So it's not at all true, for those who say "oh he didn't a coup after all" cos he tried every fucking thing he could below asking the army to form a ring of steel round the White House*. It's now three weeks after the election and despite losing the popular vote by more than six million votes, being soundly thrashed in the electoral college and with no evidence at all of electoral fraud, he is still refusing to concede, claiming that he was cheated and refusing to call Biden president elect.
I just think, imagine if the election had been close. Imagine if there was only one state that needed to be overruled and change colour - now there are four or five and it seems too much - and Trump focused everything on that. Suppose he had some lawyers who weren't useless and crazy - imagine if there was a small instance of fraud in the disputed state and when it came in front of a tame judge he ruled that that could be used to throw out thousands of votes... suppose that got kicked up to the supreme court eventually. We can see that the GOP (even those who know he was crazy and lying) would have done nothing to stop him. Suppose he'd won the electoral college but won the popular vote or something like that. This was a huge thrashing (ultimately) although at times it seemed touch and go... and yet for the weeks after, we've genuinely had to ask ourselves at times, if he was gonna leave. We had to celebrate when Michigan electors or whatever they're called, did what they're legally required to do. It's been terrible.
I think it reveals how frightening delicate the system is and if it had been close I think it would have been worse. And if Trump had been able to flip a state and the election by judges (win by cheating in other words) then I think he would make it even harder to defeat him next time.
But anyway, the upshot is that about half of his party now don't trust the voting system and think that Hugo Chavez and Soros are flipping votes to the Dems and that problem aint gonna go away... so, yeah, it definitely wasn't a whimper, the way he fought on, tooth and nail after being so badly defeated. I think it's very worrying.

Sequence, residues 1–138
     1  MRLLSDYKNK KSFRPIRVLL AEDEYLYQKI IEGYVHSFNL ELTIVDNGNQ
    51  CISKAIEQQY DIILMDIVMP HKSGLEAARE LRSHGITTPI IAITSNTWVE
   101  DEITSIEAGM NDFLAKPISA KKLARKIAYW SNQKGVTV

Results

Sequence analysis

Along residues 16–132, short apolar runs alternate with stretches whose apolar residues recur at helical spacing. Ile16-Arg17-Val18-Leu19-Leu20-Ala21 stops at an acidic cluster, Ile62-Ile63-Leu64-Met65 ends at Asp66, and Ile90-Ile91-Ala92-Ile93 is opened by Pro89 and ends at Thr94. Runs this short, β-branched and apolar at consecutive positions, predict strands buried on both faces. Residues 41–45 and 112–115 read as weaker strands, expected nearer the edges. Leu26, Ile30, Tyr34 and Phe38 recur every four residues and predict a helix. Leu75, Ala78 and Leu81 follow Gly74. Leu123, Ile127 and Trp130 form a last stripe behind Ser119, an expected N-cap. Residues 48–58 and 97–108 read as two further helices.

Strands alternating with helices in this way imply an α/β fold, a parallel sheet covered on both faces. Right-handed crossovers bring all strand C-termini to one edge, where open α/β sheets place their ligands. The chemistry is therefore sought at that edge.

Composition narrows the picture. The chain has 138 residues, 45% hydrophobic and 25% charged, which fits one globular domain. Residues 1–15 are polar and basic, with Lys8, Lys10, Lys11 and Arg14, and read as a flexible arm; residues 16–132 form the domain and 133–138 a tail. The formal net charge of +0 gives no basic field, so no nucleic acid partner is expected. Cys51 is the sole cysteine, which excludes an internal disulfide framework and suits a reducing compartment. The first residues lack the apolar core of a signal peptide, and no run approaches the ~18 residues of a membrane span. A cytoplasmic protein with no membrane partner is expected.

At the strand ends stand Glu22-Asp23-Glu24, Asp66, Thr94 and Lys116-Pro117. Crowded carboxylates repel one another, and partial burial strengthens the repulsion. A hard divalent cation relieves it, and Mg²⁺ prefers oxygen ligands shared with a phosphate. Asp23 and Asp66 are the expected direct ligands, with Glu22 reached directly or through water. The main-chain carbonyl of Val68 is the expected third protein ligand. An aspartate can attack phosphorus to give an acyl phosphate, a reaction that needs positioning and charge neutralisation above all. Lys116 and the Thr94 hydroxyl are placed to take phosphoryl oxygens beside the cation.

*or otherwise calling for violence, as opposed to tacitly condoning it.
 
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padraig (u.s.)

a monkey that will go ape
incidentally I'd like to see evidence of these widespread predictions of a violent coup that vimothy keeps casually referencing

what I saw were widespread concerns that he'd try to steal the election, which happened, and of violence related to the election, which mostly didn't

what I did not see were predictions of a violent coup, which makes sense bc he clearly doesn't have the support of the entities you actually need - i.e. the military and the intelligence services - to carry out a violent coup

in fact the only ppl I saw predict a violent coup were hardline MAGA types and even that was all apocalyptic QAnon nonsense
 

IdleRich

IdleRich
not quite. he certainly dog whistled it but he never crossed the Rubicon into open illegality and violence. that's an important distinction to make.
Yeah later on I specifically said "everything up to the army/violence" (or I meant to anyway, I hope I wrote that cos I fully intended to and it is important distinction which was supposed to be a big part of my post) - which I suspect he stopped at cos it wouldn't work rather than from any moral compunction.
 

IdleRich

IdleRich
Actually I didn't make it as explicit as I should. But I will highlight it and add in a bit because yeah, what my mini-essay was supposed to be about was how he did everything except that.
 

IdleRich

IdleRich
Pleased to see that Xi has now congratulated Biden - I can imagine that that went down like a bucket of sick with the Republicans, I only wish that Biden had replied with "Thank you my lord and master, I await your bidding" or something like.